Last year it was Rang de Basanti and Omkara…. now, before the second week of January 2007 is over, we have Guru.
Three films, all less slapstick and fanciful than, say, Phir Hera Pheri or Chup Chup Ke, more real, yet still with the vibrant song picturizations and visual lyricism that so many look forward to in mainstream Hindi movies.
Two years since his Yuva (or Three Dots, as the spine of my Thamizh CD says; talk about literal!), Mani Ratnam has given us this story of a man for whom the phrase “low self-esteem” would not register.
Gurukant Desai first appears as a restless young boy in Gujurat, who can’t pass his math exams, and sets off for Istanbul, unibrow in tow, and where he works for several years. Upon being offered a big promotion at a foreign multinational, he turns it down, reasoning “Why should I work for this white man? I’ll work myself.”
Back in Gujurat, he decides to go to Bombay to work in “bijness”, more specifically the fabric bijness, but needs some capital to get started and marries Sujatha (Aishwarya Rai), the sister of his childhood friend and partner, for a tidy Rs. 25,000. From here, the story is about his rise, and his locking horns with the owner of a major newspaper, who tries to bring him down.
Guru bets his luck on this new fabric, kela silk (polyester) and backs a winner.
Mithun Chakraborty plays Dasgupta, the newspaper owner who is initially charmed by Gurukant’s can-do sense of confidence, but later grows to resent his success. As Guru’s nemesis, this subtly sinister yet also grandfatherly man becomes a khadi-wearing Charles Foster Kane of sorts (“You provide the prose poems – I’ll provide the war”), who uses his paper to pursue Guru, bending the rules of ethical journalism himself, while accusing Gurukant Desai of all sorts of corporate tomfoolery.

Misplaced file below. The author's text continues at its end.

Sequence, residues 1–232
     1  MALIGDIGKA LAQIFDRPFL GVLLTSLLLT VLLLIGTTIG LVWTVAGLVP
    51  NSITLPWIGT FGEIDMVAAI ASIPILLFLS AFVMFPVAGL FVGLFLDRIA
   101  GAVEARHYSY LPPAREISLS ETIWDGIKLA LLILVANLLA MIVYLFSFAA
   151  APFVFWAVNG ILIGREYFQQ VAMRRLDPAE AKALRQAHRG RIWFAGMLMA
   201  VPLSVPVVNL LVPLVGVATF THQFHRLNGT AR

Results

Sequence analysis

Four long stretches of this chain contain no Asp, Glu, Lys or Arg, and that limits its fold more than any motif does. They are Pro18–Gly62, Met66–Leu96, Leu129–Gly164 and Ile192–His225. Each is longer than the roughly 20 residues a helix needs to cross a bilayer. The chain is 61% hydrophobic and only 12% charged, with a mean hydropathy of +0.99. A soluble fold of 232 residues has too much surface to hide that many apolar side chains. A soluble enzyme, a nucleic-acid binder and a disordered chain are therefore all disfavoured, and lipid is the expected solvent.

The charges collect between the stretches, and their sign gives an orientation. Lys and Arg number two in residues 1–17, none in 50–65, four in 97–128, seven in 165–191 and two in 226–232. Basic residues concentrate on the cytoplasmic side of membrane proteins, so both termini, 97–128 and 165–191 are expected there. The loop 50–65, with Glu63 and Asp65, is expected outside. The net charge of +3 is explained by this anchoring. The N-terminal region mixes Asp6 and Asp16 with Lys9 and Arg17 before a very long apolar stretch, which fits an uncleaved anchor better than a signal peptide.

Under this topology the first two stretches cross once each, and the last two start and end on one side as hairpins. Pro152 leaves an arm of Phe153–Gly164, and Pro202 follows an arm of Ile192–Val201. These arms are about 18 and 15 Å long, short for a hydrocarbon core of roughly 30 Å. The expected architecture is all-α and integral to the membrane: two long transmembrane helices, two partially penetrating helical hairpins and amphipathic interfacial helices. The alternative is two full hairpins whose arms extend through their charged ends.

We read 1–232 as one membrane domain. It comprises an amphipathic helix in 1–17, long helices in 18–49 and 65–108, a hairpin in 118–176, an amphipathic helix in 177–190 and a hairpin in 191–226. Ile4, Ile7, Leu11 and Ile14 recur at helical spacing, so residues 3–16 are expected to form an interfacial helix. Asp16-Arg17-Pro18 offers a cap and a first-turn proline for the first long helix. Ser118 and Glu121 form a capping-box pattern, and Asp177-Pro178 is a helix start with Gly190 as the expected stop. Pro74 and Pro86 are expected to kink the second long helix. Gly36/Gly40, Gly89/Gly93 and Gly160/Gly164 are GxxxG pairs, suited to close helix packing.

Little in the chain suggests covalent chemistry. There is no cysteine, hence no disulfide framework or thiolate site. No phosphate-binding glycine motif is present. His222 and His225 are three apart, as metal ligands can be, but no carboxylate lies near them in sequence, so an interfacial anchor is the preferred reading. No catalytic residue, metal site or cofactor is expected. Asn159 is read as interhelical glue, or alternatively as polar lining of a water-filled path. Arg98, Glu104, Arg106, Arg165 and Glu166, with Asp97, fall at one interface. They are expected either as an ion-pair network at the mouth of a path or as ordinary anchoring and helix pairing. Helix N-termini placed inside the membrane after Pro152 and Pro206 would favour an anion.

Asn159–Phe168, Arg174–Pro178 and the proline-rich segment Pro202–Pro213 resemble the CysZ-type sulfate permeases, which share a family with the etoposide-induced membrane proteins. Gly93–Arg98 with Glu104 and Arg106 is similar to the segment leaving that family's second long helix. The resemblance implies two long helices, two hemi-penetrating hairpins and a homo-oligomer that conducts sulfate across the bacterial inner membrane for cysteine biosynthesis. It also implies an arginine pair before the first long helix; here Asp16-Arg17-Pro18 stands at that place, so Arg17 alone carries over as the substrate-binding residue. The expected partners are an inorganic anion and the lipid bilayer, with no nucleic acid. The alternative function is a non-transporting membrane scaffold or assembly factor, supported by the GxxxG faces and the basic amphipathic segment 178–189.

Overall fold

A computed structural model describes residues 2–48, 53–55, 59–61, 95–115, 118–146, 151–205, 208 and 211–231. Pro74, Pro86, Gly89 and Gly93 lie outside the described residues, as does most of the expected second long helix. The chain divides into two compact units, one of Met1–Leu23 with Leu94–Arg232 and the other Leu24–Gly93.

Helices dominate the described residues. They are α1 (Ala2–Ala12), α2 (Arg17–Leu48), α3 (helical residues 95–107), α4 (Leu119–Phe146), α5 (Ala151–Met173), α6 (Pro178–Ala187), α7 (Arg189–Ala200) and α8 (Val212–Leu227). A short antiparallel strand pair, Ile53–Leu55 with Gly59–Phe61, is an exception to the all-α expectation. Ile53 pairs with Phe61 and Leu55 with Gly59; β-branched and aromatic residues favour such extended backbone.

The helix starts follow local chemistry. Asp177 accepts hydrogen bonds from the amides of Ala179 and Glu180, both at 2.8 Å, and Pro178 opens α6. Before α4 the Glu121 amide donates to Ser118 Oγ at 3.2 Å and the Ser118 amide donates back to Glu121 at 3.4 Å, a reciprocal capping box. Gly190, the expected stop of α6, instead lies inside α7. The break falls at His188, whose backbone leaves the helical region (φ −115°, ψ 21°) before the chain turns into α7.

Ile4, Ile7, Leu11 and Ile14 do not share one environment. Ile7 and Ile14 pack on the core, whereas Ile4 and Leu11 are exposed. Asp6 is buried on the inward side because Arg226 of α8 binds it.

Unlike most Hindi movies, Mani Ratnam shows us Gurubhai’s increasing wealth not with the usual massive, marble-floored home with the sweeping curves of a dramatically long staircase in a grand hall, but rather through the Merc that the Desais drive, and Sujatha’s saris, jewelry and grand, industrialist matron hairdoes. (By the way, note the license plate in this shot.)
Ash’s costumes before Guru’s income soars are lovely too. If, in Kandukondain, Kandukondain, we mainly remember her in the cool blues and emerald greens of the Kannamoochi number, and later in Devdas, in that classic still of her as the wealthy married woman in a rich peacock blue sari, thick ingot of sindoor on her part, moon-sized bindi and fantastically heavy jewelry, as the young Sujatha she has been dressed in shades of plum, saffron and maroon cotton saris.
In the fantasy part of the picturization of Tere Bina, Ash is at a palace. As the sky behind her turns dusk and she dances in a glittery pale cream-colored ensemble, it is lit in such a way that it seems the light is not being shone on Ash for the shot, but rather that the light is actually emanating forth from her.
If there’s a secret to looking younger, Mani’s hit on it in this film, having his boy Madhavan lose weight. The difference is dramatic; Maddie looks like a guy barely in his 20s.
On the subject of never looking too young or too thin, The Most Beautiful Manglik in the World (TMBMITW) had already shed some weight for Dhoom 2, and while she’s definitely not bronzed as she was in Brazil, the lost weight makes her look years younger than her fiancé, in spite of the fact that she’s actually 33, and older than AB 2.0 by 2.something years.
Abhi’s own physical transformation is remarkable. As he becomes the bade industrialist, he grows into the role, literally. Just after the interval, Guru exits the shower and finds a pregnant Sujatha looking at her profile in a full-length mirror, lamenting her expanding belly. In a moment of husbandly empathy, he stands next to her, also in profile, and allows his own hairy gut to expand and spill over the top of the towel, protruding as far as his wife’s. Aside from the shock of seeing Abhishek in this state, it is a sweet scene, where Mani portrays their genuine domestic comfort with each other. This is the only of the four onscreen Abhiwarya pairings where they have had any spark between them at all. In the scenes of their early marriage, they appear at ease when touching each other. I attribute that to Ash’s celluloid thaw, as her betrothed was beautifully physical as Lallan in Yuva, in the Kabhi Neem Neem song picturization in particular.